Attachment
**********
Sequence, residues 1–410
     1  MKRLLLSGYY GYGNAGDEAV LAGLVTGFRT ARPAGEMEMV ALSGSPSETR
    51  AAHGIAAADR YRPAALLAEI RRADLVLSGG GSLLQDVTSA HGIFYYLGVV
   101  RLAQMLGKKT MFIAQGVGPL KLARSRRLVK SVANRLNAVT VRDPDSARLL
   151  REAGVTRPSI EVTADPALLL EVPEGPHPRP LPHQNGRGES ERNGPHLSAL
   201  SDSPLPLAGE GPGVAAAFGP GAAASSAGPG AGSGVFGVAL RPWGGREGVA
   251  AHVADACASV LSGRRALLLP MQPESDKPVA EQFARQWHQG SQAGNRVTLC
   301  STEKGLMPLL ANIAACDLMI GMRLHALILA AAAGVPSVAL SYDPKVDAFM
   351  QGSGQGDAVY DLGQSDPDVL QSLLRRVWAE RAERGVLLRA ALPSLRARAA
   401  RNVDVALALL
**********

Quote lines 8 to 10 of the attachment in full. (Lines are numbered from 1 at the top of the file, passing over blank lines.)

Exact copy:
   301  STEKGLMPLL ANIAACDLMI GMRLHALILA AAAGVPSVAL SYDPKVDAFM
   351  QGSGQGDAVY DLGQSDPDVL QSLLRRVWAE RAERGVLLRA ALPSLRARAA
   401  RNVDVALALL